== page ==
The Northern papers cannot conceal their chagrin at the complete rout Banke has sustained from Jackson
In their accounts they speak of Banks
's army as greatly infecter in numbers to Jackson
's. They style it ‘"the feeble column of Gen Banks
."’ Nevertheless, it is evident that great alarm has been caused by Jackson
's sudden appearance upon the banks of the Potomac
There is a great stir among the new recruits in New York and places of renderings in the West
The Philadelphus Inquirer
blows tremendously about the new regiments going forward, and thinks they will strike terror to the heart of ‘"Stonewall
"’ Gen. Jackson
is one of those resolute and ever watchful commanders who are not to be taken by surprise, and will not be alarmed by mere report of an enemy.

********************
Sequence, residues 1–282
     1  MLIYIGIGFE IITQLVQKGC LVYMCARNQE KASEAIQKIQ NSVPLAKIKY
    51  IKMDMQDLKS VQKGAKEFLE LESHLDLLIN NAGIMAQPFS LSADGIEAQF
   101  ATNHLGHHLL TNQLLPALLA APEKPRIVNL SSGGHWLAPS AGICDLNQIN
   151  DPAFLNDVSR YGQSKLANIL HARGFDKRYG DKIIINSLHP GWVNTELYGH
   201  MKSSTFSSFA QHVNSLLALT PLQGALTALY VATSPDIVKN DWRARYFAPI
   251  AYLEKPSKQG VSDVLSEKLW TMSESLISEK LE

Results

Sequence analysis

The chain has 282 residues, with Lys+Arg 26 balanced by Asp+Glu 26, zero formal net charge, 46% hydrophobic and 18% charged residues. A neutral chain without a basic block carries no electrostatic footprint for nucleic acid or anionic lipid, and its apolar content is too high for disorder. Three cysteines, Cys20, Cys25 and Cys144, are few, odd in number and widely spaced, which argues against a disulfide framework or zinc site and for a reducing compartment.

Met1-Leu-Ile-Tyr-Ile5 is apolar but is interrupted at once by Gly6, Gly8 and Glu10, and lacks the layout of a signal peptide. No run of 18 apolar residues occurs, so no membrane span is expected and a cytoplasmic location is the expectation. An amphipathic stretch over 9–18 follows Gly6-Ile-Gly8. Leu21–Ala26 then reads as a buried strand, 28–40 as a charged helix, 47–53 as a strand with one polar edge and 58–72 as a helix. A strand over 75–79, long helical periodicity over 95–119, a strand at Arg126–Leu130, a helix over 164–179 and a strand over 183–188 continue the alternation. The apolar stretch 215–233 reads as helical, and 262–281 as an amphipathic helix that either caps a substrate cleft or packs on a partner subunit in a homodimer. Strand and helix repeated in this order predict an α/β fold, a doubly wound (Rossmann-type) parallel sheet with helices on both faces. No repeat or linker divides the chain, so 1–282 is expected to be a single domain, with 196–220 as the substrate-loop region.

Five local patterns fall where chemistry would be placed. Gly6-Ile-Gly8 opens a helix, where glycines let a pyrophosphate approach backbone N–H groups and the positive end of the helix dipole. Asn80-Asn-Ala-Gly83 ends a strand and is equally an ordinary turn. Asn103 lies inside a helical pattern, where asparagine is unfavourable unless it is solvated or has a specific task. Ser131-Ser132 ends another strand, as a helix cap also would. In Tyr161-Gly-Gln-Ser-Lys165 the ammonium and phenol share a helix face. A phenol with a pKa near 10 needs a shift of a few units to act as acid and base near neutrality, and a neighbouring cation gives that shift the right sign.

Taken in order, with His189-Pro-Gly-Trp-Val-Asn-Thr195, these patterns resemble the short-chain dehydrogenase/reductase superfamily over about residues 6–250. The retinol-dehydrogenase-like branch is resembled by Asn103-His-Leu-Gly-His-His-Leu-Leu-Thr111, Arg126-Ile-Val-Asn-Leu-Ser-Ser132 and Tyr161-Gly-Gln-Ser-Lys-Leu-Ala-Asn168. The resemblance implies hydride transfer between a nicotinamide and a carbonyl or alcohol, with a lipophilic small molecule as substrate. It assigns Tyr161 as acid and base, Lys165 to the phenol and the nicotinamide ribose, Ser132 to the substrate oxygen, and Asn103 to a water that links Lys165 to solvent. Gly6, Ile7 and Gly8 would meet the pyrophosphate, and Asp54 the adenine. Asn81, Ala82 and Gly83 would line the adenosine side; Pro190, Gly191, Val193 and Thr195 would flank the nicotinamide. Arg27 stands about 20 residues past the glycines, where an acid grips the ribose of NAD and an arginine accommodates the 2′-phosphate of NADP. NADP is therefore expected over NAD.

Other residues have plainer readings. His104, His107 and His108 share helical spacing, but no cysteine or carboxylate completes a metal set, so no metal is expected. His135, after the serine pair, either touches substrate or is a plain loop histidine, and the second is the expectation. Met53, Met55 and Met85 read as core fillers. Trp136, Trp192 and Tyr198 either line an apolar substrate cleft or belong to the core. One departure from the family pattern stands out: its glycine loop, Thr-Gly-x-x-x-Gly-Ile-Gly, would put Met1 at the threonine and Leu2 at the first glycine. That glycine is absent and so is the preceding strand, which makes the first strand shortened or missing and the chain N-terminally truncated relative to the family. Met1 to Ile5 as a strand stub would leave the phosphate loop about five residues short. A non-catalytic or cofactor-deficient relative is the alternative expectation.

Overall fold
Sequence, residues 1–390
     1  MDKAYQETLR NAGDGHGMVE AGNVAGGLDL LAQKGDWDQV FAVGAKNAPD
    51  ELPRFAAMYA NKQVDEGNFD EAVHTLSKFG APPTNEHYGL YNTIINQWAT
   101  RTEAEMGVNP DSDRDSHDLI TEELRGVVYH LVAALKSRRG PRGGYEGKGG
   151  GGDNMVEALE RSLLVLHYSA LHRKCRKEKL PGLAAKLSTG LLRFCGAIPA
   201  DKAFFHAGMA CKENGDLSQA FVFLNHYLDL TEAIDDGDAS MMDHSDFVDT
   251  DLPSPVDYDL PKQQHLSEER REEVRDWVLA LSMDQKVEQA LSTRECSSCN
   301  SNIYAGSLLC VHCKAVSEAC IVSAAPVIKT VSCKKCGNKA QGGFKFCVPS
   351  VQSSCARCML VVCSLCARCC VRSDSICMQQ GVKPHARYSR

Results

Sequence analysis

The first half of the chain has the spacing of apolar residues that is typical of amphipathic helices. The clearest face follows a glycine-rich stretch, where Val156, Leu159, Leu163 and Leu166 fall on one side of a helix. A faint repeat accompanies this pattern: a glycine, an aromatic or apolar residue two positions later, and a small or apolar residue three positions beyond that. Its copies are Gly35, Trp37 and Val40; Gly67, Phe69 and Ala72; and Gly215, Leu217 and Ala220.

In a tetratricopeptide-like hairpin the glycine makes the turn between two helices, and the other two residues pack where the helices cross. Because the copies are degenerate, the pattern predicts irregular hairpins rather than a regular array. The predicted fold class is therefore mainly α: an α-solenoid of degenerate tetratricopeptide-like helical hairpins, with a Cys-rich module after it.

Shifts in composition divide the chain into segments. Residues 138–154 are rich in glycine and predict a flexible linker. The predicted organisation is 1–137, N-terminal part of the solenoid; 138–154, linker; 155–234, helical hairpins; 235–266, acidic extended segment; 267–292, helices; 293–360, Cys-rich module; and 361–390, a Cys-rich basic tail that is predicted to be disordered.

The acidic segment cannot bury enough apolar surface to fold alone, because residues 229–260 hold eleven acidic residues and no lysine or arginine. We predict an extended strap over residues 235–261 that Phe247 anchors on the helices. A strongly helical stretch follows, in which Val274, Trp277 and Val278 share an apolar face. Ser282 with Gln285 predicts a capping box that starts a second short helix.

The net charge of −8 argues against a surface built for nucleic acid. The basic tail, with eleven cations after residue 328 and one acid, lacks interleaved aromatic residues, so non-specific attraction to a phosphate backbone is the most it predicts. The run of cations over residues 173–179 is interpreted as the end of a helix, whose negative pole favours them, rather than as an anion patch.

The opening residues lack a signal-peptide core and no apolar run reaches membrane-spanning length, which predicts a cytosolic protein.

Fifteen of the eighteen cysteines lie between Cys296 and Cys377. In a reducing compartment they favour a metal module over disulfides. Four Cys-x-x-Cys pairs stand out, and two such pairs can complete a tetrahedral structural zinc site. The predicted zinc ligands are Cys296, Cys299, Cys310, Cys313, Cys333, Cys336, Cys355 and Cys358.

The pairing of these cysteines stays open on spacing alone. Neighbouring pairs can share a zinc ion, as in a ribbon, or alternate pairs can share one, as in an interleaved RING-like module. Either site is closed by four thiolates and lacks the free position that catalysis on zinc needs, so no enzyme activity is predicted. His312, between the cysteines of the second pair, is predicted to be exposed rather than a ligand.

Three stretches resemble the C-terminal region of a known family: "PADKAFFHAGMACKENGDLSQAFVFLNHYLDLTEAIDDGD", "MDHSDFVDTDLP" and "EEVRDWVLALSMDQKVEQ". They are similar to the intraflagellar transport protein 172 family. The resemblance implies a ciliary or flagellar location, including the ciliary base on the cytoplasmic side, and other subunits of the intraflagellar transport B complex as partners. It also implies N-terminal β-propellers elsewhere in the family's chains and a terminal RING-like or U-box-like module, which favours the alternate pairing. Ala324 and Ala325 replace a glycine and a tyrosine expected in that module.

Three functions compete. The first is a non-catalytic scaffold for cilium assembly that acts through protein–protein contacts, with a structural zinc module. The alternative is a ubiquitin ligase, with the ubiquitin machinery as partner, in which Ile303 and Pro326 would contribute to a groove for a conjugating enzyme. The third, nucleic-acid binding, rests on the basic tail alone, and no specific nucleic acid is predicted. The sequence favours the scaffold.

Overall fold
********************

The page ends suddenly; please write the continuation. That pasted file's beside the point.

He will not part with the new recruits of the North
he is threatened with till they have a touch of his quality.
He is one of the men who does not think about adds.
He wants an effective army of respectable numbers, well drilled, well equipped, and confident in him. With such an army — and we believe he has it — he can do a deal of marching and fighting.
If he is really in Maryland
he will not leave the State
until he achieves something is compensate for going into it, and not then unless he is compelled.
It is evident that Lincoln
is not a little exercised by the movement of General Jackson
He has issued very peremptory orders to disregard all the forms and delays of the red tape system, and uniform and equip instantly the recruits that are in New York, form them into companies and regiments, and hurry them on as fact as possible.
The extreme activity in this respect betokens the sense of exigency and of danger.